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  1. Fergus Fleming talks James Bond and beyond

    When Falls The Coliseum has scored an interview with Fergus Fleming, Director of Ian Fleming Publications, co-publisher of Queen Anne Press and last, but not least, nephew of 007 creator Ian Fleming.

    Ian Fleming

    Ian Fleming

    Discussing last year’s endless celebration to mark the centenary of his uncle, Fleming commented on the huge success of the many different events. He states: ‘Yes, the Centenary Year was excellent, its highlights many and varied. The Ian Fleming Gala evening was outstanding. My personal favorite was the launch of Sebastian Faulkes’ Devil May Care.’

    ‘Ian would definitely have been pleased with the Imperial War Museum exhibition,’ he continued. ‘He was brought up in the shadow of WWI, served in WWII and created a fictional spy for the Cold War. He never forgot that his father and brother had died defending their country. The Imperial War Museum was therefore a perfect place to celebrate his life and works.’

    As James Bond collectors will no doubt recall, last October saw the release of the Queen Anne Press collection of Ian Fleming’s books. This specially bound and extremely limited edition set was made available in fine, vellum and cloth bindings, with the price tag ranging from £2,000 to &pound18,000. Featured were all of Fleming’s Bond adventures, his popular children’s tale Chitty Chitty Bang Bang, the non-fiction Thrilling Cities and The Diamond Smugglers and Talk of the Devil, a brand new book containing rarely seen and previously unpublished material.

    Ian Fleming's 'Talk of the Devil'

    Ian Fleming’s Talk of the Devil

    When asked if he could divulge some further details on the elusive Talk of the Devil, Fleming replied: ‘The contents are mainly journalistic but they also include two short stories. One of them, A Poor Man Escapes, is Ian’s earliest known attempt at fiction. The other, The Shameful Dream, was written in 1951 and has as its hero a journalist named Bone – a year and a letter-change later the hero would be Bond. For fuller details, see our web site, www.queenannepress.com. The book is restricted currently to the Centenary Edition but it will be available as a single volume sometime in the future. Visit this CommanderBond.net article for even more details.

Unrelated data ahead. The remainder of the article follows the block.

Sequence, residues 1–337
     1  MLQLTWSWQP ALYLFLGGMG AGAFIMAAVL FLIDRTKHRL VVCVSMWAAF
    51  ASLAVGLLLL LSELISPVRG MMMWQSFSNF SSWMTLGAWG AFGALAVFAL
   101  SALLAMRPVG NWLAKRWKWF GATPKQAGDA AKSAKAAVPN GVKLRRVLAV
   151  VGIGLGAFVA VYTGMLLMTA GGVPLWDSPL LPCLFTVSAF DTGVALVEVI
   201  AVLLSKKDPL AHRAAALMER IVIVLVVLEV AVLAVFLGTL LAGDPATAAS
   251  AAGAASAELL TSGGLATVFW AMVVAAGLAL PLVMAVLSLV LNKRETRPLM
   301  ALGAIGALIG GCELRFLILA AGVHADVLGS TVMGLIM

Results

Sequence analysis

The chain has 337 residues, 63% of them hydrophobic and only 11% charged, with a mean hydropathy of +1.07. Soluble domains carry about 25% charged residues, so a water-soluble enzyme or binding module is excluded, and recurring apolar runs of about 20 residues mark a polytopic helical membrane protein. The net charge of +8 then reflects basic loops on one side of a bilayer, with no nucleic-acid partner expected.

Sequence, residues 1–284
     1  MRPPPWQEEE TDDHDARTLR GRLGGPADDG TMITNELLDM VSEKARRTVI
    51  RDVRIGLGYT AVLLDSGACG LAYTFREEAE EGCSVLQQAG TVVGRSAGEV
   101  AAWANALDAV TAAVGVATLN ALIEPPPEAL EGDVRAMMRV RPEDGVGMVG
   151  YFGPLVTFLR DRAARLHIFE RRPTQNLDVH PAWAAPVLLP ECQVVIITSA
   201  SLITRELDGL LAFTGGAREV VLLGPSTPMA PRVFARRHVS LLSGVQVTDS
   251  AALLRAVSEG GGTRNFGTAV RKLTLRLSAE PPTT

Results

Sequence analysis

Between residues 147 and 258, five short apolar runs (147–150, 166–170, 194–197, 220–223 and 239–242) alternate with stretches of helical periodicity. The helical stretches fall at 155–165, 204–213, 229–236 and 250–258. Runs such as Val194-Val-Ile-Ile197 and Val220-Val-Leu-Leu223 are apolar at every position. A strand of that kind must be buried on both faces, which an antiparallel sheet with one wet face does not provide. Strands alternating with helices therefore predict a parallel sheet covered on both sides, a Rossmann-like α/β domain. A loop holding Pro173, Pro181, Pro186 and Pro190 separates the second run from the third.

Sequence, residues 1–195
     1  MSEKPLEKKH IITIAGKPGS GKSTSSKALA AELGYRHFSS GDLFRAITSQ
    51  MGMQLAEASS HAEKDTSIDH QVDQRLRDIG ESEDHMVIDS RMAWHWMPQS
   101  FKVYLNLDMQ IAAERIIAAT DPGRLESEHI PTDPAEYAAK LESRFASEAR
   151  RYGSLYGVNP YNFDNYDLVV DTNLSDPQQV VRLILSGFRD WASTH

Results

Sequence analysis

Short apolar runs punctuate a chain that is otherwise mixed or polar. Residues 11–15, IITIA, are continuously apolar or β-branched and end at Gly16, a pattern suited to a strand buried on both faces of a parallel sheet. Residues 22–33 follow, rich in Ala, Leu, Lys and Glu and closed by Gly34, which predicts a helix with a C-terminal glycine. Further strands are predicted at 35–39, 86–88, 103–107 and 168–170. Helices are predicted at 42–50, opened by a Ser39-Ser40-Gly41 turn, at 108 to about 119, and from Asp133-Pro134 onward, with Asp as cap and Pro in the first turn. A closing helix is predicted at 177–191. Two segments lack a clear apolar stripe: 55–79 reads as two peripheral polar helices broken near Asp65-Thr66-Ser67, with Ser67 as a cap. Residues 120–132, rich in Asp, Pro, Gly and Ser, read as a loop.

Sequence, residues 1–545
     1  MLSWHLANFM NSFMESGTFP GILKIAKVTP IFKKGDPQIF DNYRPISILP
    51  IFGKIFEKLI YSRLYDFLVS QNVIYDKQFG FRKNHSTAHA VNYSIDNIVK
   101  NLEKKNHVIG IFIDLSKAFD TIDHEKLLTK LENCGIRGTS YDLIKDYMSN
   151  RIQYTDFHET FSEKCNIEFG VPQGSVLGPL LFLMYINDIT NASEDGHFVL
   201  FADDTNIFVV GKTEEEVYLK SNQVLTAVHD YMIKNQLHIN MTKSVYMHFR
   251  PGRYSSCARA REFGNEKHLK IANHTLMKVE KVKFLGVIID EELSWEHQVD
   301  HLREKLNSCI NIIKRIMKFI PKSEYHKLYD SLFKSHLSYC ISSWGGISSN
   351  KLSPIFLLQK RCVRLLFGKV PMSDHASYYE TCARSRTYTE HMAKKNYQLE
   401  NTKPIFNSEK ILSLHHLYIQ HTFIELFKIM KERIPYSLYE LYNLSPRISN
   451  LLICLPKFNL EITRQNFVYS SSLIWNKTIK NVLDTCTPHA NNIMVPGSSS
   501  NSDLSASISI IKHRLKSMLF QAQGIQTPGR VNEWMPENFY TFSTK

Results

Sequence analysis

Fergus Fleming also went on to comment on the recent reissuing of Fleming’s two non-fiction works, Thrilling Cities and The Diamond Smugglers, which were published by IFP earlier this year as limited edition hardbacks (only 300 copies each). They can currently be ordered from the IanFleming.com online store.

    He says: ‘They are pieces of extended journalism that were first published by the Sunday Times in the late 1950s. of the two, Thrilling Cities is probably the most entertaining but The Diamond Smugglers was something of a hit at the time – remarkably, it was the first of Ian’s books to be optioned (by Rank). They have been reissued by IFP not only to mark the centenary but because they are good books in their own right which have been overshadowed by the more glamorous Bond novels.’

    Ian Fleming's 'Thrilling Cities'

    Ian Fleming’s Thrilling Cities

    And while ‘all options are open’ for the future of the literary James Bond, Fleming unfortunately would not give any hints as to which direction they are heading towards next. When asked whether or not a new author had been chosen, he simply responded: ‘No comment on the next Bond author.’

    Be sure to head over to When Falls The Coliseum for the complete interview with Fergus Fleming.

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    Devin Zydel @ 2009-11-03
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